"How many kids do you want to drag away from the house while their presents are still under the tree, wrapped or unwrapped? How many husbands are you going to drag away from the football game?" asked Thumma.

Honoring family time is a primary reason cited by churches that have chosen to not have a Christmas Day service.


Supporters Link Supreme Court Nominee
to Defense of Religious Christmas

BY KEVIN ECKSTROM                                                                                            © 2005 Religion News Service

Conservative backers of Judge Samuel Alito's nomination to the U.S. Supreme Court have rolled out new advertisements that present Alito as a defender of religious Christmas displays.

The twin adds, by the Committee for Justice and a Catholic group, Fidelis, point to Alito's ruling as a federal appeals judge that allowed a nativity and menorah display at City Hall in Jersey City, N.J.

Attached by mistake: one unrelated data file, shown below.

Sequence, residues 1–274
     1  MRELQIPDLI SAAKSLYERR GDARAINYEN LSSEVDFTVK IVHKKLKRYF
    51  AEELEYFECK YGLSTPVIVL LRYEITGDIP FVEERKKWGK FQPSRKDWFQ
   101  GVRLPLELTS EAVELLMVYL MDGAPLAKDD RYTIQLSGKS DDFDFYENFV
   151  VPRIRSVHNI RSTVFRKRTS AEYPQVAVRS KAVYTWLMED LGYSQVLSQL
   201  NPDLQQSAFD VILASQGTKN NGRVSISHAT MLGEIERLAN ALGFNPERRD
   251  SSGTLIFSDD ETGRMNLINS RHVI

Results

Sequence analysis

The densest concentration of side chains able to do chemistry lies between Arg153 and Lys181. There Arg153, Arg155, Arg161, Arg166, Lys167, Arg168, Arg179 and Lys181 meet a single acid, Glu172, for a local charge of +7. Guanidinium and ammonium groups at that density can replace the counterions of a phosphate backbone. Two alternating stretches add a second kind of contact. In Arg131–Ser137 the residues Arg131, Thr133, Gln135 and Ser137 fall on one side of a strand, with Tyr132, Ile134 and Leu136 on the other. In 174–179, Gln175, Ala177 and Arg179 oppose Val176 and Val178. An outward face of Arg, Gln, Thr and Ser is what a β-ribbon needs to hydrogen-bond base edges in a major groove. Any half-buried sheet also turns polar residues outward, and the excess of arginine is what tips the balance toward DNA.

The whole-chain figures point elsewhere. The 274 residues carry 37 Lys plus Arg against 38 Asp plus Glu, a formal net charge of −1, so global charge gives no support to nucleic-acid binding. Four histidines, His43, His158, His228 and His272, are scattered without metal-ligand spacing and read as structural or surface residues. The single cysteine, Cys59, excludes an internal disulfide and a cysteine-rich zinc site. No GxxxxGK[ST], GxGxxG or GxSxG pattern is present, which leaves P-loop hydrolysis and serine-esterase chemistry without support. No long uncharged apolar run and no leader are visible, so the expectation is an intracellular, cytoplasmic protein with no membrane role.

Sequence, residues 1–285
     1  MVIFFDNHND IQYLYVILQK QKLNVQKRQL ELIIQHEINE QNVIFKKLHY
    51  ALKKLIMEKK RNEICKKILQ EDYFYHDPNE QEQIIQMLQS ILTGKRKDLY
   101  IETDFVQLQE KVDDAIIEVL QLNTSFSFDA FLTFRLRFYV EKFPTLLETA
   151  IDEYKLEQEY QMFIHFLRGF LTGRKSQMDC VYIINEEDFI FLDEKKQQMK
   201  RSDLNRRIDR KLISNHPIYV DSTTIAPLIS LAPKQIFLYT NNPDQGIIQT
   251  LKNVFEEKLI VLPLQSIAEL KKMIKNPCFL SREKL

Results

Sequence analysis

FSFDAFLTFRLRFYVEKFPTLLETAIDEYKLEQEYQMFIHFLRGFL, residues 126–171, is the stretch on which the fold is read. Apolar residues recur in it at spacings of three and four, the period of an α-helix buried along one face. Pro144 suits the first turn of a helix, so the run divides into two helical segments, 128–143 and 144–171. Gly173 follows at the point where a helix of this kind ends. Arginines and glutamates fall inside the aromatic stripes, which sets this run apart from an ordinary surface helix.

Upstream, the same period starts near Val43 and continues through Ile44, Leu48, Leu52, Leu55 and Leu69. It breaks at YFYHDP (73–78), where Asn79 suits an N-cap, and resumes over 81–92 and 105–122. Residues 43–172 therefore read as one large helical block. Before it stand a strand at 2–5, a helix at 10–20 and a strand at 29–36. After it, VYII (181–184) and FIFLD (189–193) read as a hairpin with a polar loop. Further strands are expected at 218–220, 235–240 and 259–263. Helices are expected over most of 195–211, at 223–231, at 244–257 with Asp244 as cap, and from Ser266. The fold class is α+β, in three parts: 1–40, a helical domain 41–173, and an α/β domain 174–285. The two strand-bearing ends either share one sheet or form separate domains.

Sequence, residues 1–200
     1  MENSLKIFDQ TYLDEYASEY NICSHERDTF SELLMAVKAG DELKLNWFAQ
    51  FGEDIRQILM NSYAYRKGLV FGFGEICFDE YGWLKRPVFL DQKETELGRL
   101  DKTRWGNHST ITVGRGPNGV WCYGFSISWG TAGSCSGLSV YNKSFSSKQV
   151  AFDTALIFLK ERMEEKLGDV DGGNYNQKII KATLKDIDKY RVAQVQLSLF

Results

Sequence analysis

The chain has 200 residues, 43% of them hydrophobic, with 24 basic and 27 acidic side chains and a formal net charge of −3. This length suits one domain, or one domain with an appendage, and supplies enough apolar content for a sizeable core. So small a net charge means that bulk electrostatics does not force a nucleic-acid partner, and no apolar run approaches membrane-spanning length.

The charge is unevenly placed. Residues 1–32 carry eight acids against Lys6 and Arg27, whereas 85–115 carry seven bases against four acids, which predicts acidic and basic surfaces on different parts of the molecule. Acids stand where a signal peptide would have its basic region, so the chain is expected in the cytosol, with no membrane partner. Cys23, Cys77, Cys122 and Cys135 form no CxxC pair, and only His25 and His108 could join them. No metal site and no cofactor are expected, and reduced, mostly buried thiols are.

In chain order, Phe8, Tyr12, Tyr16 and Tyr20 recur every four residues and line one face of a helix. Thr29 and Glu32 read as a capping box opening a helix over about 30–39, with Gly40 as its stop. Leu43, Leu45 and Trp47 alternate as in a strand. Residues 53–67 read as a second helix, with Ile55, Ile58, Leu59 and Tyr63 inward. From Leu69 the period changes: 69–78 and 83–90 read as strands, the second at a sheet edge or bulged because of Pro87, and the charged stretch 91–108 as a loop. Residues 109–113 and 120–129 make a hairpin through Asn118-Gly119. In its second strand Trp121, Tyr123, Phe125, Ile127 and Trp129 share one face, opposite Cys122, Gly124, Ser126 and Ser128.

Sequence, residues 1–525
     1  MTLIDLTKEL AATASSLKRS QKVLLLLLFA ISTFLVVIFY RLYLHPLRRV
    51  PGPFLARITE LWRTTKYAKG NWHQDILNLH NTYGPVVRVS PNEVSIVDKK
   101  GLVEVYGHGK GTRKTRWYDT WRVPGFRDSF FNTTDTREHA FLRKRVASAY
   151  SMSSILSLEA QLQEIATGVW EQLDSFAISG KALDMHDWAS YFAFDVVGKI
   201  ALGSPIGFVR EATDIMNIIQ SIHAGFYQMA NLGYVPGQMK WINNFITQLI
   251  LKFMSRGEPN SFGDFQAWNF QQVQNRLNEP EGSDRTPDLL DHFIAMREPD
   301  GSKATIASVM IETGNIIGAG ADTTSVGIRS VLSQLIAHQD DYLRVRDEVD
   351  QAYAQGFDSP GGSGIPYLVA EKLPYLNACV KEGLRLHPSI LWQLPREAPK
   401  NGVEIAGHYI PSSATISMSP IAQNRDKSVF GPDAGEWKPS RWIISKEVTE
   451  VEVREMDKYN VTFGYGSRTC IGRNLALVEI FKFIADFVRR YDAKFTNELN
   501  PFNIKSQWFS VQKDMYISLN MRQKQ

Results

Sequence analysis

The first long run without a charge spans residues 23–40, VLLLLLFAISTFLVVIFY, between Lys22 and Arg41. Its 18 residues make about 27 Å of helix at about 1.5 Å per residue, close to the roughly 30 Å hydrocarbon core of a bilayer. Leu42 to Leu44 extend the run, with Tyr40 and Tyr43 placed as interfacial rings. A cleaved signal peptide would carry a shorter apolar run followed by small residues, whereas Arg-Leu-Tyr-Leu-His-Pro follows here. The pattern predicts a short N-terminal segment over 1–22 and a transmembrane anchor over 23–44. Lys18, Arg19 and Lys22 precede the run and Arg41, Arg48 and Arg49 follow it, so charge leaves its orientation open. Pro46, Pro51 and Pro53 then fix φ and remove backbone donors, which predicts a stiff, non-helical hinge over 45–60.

"Judge Alito ruled against the ACLU's attempt to scrub away our religious heritage," says the Fidelis Internet ad, unveiled on Monday (Dec. 5), against background music featuring "The First Noel." "Judge Alito used common sense and applied the law, the kind of common sense that every American needs on the Supreme Court."

The Committee for Justice radio ad, airing in Colorado, West Virginia and Wisconsin, says, "Freedom of religious expression is everyone's right -- and not just during this special season, but all year long."

Jay Sekulow, chief counsel for the American Center for Law and Justice, a conservative law firm founded by broadcaster Pat Robertson, told The New York Times that his office is e-mailing 850,000 supporters a Christmas-themed push for Alito.